Soon the stage program started. An hour later when Tribuvanes-
vara dasa, our master of ceremonies, announced the wedding, the
shops and restaurant quickly emptied and people hurried forward
to watch.
I started toward the stage. “They won’t understand if I look
sad,” I thought, so I forced myself to smile. Then I walked onto the
stage with my translator and welcomed the huge crowd.
“We’re honored that so many of you have come to participate
in this traditional Indian wedding,” I said, my voice bellowing out
over the sound system. “We’re pleased to share this very colorful and
joyful occasion with all of you.
“Our bride and groom, Kunja-kishori dasi and Dayal Nitai
dasa, are from St. Petersburg, Russia. They’re part of our interna-
tional group of devotees who have been putting on this festival for
16 years on the Baltic coast.”
I suddenly felt overcome with emotion and had to stop. I took
a few deep breaths and continued.

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The Last Festival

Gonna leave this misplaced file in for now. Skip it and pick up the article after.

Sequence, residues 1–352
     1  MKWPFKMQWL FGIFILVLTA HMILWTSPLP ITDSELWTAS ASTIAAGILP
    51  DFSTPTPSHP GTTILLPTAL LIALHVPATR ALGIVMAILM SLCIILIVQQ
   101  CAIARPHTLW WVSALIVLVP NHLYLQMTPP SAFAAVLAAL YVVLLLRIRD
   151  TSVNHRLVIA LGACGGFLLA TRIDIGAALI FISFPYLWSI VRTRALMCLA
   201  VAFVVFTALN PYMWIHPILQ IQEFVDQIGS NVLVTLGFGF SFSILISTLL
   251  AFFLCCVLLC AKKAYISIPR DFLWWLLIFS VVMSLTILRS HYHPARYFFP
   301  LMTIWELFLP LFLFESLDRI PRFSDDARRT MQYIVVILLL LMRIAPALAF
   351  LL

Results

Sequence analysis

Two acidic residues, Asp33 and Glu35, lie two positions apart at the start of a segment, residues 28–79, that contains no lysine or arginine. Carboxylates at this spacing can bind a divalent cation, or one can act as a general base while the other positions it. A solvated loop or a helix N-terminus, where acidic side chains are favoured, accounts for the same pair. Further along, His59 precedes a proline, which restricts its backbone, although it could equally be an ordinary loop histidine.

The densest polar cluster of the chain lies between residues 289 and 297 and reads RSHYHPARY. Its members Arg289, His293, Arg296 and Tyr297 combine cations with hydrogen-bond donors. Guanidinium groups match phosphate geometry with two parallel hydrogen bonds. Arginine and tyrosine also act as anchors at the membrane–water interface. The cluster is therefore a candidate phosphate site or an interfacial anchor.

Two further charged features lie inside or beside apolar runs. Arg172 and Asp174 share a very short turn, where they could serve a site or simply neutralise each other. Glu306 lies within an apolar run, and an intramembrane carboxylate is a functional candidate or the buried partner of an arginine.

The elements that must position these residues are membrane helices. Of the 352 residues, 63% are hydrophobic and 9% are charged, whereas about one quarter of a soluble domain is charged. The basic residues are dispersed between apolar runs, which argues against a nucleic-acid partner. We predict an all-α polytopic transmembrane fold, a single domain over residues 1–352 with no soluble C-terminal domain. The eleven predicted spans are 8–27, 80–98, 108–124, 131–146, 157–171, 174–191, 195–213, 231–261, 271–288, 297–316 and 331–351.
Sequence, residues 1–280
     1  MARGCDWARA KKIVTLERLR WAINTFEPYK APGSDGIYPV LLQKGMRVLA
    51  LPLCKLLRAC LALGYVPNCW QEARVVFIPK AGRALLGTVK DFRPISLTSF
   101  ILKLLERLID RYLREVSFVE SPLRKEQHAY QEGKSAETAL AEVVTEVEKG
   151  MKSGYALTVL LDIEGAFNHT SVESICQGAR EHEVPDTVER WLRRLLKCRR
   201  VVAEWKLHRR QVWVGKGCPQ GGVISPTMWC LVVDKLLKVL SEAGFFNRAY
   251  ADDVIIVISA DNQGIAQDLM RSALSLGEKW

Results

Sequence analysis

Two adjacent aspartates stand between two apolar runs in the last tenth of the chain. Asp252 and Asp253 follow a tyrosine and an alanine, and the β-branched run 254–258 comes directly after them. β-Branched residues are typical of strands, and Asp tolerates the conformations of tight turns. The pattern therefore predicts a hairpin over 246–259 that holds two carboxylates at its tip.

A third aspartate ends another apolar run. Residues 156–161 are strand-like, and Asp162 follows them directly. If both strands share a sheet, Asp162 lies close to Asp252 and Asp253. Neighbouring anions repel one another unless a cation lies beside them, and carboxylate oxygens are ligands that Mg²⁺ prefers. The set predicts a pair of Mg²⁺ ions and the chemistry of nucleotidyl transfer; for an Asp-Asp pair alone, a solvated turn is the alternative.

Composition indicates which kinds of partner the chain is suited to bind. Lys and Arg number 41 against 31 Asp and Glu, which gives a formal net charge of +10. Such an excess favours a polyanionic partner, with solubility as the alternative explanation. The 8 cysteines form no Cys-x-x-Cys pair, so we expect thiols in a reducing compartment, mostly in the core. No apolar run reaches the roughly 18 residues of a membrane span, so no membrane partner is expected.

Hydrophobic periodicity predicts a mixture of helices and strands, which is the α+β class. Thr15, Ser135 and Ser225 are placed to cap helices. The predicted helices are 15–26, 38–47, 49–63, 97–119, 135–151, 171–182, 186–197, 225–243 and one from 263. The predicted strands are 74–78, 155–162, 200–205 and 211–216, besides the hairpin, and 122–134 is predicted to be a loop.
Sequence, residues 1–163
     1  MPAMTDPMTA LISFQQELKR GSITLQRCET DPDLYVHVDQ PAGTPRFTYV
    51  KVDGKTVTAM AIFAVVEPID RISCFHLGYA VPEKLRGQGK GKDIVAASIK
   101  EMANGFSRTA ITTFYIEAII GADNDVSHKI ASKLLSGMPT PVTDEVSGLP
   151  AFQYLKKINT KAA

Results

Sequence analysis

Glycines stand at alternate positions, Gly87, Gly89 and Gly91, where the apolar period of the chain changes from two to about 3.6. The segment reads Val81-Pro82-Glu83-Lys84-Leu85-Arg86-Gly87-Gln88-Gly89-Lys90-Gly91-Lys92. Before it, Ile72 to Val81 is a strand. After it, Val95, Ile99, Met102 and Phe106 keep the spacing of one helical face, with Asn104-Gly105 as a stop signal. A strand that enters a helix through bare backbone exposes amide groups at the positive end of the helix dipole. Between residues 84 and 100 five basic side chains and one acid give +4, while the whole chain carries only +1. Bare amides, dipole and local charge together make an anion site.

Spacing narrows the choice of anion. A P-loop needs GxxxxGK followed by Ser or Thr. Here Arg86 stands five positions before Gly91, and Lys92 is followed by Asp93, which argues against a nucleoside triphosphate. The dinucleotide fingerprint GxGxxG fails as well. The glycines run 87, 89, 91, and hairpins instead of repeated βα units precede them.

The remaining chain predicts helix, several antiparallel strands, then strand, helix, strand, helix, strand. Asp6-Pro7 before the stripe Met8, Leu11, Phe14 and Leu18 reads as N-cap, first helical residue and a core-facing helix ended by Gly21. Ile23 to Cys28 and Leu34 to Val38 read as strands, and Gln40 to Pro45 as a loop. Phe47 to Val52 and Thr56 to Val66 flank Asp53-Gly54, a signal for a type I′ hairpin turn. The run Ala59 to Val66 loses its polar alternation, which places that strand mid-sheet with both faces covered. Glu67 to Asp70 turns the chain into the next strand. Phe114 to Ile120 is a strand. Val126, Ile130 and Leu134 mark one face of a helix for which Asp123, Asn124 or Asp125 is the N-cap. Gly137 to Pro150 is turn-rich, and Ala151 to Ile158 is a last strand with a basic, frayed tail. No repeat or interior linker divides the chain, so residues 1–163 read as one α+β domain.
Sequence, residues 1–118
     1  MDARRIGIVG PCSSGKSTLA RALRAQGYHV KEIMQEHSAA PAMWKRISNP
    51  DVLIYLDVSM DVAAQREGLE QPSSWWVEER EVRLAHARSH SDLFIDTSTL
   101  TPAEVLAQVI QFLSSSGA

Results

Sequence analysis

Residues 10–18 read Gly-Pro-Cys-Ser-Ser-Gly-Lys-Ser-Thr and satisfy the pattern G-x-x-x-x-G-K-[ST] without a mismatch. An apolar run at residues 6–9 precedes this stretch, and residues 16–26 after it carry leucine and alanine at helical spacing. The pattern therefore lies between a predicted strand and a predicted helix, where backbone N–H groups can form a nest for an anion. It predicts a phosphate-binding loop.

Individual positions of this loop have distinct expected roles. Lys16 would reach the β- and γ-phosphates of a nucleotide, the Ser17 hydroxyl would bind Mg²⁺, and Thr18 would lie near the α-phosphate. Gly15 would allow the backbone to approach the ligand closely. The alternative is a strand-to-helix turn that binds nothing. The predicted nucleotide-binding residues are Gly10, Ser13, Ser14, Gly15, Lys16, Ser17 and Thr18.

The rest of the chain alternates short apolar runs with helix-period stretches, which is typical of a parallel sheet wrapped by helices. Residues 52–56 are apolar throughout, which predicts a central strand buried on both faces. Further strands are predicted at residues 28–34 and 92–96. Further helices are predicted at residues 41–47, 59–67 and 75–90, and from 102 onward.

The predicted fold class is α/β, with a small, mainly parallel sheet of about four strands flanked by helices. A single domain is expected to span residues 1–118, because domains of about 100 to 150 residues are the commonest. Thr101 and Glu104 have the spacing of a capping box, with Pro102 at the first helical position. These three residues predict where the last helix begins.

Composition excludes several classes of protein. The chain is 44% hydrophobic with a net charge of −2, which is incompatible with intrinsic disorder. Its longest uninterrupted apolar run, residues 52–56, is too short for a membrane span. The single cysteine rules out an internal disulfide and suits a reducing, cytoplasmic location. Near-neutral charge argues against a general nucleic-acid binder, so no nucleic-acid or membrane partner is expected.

“It has been Kunja-kishori’s and Dayal Nitai’s dream for several
years to be married at our festival. I’m sure they will appreciate that
so many of you have come to encourage them.”
I paused for a moment. “But I must mention one thing,” I said.
The crowd became silent as the tone of my voice changed.
“The bride is blind,” I said slowly. “She won’t be able to see any-
thing that takes place on the stage today.”
Many people looked startled.
“But she told me that she’s never felt her blindness a handicap,”
I said. “She perceives the world fully through hearing. If anything,
she told me, her blindness is a mixed blessing, as it has brought her
closer to God.